The Imperative for Zero Trust in a Cloud-Native Environment

The Imperative for Zero Trust in a Cloud-Native Environment

dezembro 7, 2023 | NSFOCUS

What is Zero Trust Security?

Zero-trust security is not a specific technology or product, but a security model based on the concept that “All entities are untrusted”. Forrester defines zero trust as “Zero Trust is an information security model that denies access to applications and data by default. Threat prevention is achieved by only granting access to networks and workloads utilizing policy informed by continuous, contextual, risk-based verification across users and their associated devices.”

Zero trust security encompasses four principles:

Least Privilege

Assuming that any user, device, or application is not trusted, all requests are treated as potential threats and validated and authorized.

Multiple Authentication and Authorization

Multi-factor authentication is used to authenticate the identity of users, devices and programs for fine-grained authorization so that they can only access required resources and data.

Real-time Monitoring and Audit

Real-time monitoring and auditing of all user, device and program behaviors as well as the resources and data they access.

Dynamic Security Policy

The security policy is dynamically updated with the changes of users, devices, data and external risks.

Figure 1. Access Process in the Zero Trust Security Model

Characteristics of Cloud-native Environment

Cloud native environment is a modern infrastructure, oriented to cloud computing infrastructure and applications, advocating container-centered lightweight application development and delivery mode. It has the following characteristics:


Cloud-native environment takes container technology as the core, and packages applications and dependencies into containers to realize cross-platform operation and rapid deployment;


Cloud-native environment advocates automation, including automatic deployment, automatic expansion and contraction, automatic monitoring, etc. to improve efficiency and reduce costs;


The cloud-native environment has elastic scalability, which can increase or decrease resources in real-time according to load and demand to cope with different business scenarios;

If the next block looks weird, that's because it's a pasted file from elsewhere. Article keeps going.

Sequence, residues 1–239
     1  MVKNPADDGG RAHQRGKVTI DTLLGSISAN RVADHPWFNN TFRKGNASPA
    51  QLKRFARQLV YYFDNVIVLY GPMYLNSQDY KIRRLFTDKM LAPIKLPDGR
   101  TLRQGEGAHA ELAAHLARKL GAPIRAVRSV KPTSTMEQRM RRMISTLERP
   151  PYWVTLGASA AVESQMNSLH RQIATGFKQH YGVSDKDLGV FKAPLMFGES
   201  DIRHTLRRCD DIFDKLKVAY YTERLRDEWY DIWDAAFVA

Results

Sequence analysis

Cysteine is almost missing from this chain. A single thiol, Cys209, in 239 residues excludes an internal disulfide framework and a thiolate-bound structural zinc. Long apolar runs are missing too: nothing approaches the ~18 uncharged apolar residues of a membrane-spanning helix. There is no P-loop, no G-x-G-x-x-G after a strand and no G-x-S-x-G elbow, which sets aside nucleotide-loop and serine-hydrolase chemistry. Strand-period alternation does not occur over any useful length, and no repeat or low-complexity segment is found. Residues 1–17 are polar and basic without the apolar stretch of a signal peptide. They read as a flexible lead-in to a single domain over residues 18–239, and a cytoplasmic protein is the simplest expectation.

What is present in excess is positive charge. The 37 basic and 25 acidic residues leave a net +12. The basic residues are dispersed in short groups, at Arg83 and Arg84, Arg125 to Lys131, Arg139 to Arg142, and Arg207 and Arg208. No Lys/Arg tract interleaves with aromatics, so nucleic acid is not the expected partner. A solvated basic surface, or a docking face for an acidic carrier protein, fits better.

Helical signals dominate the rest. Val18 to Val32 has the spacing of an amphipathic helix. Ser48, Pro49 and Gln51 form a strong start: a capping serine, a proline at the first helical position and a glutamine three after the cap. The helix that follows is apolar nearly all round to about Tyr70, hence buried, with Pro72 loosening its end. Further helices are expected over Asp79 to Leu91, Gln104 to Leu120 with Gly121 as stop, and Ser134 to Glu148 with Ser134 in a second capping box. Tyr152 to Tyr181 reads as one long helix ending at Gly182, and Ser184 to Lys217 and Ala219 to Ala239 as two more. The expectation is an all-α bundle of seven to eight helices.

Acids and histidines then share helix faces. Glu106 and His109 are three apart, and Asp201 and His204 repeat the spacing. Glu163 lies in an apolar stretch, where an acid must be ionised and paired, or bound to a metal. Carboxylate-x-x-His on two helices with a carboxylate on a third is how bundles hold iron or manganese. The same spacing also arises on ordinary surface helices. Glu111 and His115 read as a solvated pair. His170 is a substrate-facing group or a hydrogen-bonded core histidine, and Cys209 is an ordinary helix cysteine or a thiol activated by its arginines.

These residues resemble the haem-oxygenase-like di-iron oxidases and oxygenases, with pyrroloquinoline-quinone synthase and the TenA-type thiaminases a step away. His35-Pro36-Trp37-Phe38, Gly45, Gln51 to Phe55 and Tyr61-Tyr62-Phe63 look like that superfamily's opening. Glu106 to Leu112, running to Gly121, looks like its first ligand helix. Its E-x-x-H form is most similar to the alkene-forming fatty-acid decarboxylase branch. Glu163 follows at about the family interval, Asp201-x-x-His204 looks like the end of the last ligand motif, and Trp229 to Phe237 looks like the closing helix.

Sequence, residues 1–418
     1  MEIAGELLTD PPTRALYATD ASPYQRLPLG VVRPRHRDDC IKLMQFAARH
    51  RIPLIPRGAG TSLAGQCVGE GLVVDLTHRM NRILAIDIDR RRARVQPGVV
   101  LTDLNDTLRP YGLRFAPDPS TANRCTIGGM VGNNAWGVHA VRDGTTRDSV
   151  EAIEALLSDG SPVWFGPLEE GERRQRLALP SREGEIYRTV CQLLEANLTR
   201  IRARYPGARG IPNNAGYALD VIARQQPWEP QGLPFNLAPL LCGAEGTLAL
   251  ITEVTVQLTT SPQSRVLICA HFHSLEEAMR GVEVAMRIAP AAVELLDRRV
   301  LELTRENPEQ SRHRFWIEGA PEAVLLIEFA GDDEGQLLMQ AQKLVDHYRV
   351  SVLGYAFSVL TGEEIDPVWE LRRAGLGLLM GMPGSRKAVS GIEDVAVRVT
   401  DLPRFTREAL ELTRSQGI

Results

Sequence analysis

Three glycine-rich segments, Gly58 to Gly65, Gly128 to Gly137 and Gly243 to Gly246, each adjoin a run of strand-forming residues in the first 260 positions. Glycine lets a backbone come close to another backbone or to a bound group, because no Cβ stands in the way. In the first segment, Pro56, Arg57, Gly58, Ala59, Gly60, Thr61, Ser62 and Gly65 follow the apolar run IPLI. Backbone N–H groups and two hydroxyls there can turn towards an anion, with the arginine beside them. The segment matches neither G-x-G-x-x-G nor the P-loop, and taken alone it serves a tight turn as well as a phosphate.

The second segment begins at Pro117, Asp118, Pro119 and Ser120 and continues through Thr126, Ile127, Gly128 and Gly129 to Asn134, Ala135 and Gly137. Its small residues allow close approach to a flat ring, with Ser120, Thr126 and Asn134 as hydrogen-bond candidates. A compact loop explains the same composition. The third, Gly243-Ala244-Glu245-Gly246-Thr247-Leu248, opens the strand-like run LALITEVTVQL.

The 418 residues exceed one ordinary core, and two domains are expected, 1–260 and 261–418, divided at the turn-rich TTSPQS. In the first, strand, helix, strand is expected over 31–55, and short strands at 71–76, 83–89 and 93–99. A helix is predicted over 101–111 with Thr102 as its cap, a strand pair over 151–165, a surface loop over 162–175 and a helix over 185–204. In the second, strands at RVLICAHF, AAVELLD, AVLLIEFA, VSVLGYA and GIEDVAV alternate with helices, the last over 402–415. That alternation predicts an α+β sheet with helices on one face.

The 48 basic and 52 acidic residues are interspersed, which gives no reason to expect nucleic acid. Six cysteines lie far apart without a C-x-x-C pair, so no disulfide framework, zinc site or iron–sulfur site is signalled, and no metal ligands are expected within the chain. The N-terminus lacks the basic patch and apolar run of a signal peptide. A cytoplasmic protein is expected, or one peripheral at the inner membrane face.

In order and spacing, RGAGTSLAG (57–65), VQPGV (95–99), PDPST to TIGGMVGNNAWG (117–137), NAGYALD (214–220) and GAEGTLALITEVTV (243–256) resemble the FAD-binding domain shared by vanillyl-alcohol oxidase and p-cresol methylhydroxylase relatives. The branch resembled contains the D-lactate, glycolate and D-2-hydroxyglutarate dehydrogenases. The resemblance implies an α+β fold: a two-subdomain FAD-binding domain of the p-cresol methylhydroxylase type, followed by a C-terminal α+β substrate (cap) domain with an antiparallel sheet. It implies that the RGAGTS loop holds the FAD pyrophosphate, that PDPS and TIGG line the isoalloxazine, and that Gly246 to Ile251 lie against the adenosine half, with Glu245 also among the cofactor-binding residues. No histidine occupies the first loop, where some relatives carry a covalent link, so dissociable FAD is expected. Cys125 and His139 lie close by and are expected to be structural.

Microservice Architecture

The cloud-native environment is based on the microservice architecture, which splits programs into independent microservices and communicates through a lightweight communication mechanism to improve flexibility, scalability and maintainability.

Figure 2. Cloud-Native Environment

Why Zero Trust Is Needed in a Cloud-Native Environment

Due to the dynamic, containerized and microservice characteristics of cloud-native environments, traditional boundary security protection policies cannot be fully adapted. Security protection policies in cloud-native environments face the following challenges:

Blurring Network Security Boundary

The network security boundary in the traditional network architecture is usually implemented by hardware devices such as firewalls and gateways. With the development of public cloud, private cloud and hybrid cloud technologies, cloud-native programs may be deployed anywhere, even across multiple cloud service providers and regions, and traditional security boundaries are disappearing.

Increase in Untrustworthy Factors

In the cloud-native environment, the number and location of containers are constantly changing, and their running status will be abnormal due to external attacks, software defects and other reasons, which will adversely affect the security of the cloud-native environment. In addition, cloud-native applications rely on a variety of open-source tools for automated deployment and management. More tools mean more untrustworthy factors in them.

Complex Unified Authorization Mechanism

Cloud-native applications are usually composed of microservices running in different containers, which means that each microservice needs to configure different identity authentication, authorization mechanisms and ensure the interaction between them is secure. In addition, multiple technology stacks are often used to build and deploy applications in cloud-native environments, requiring different authentication and authorization mechanisms for each technology stack.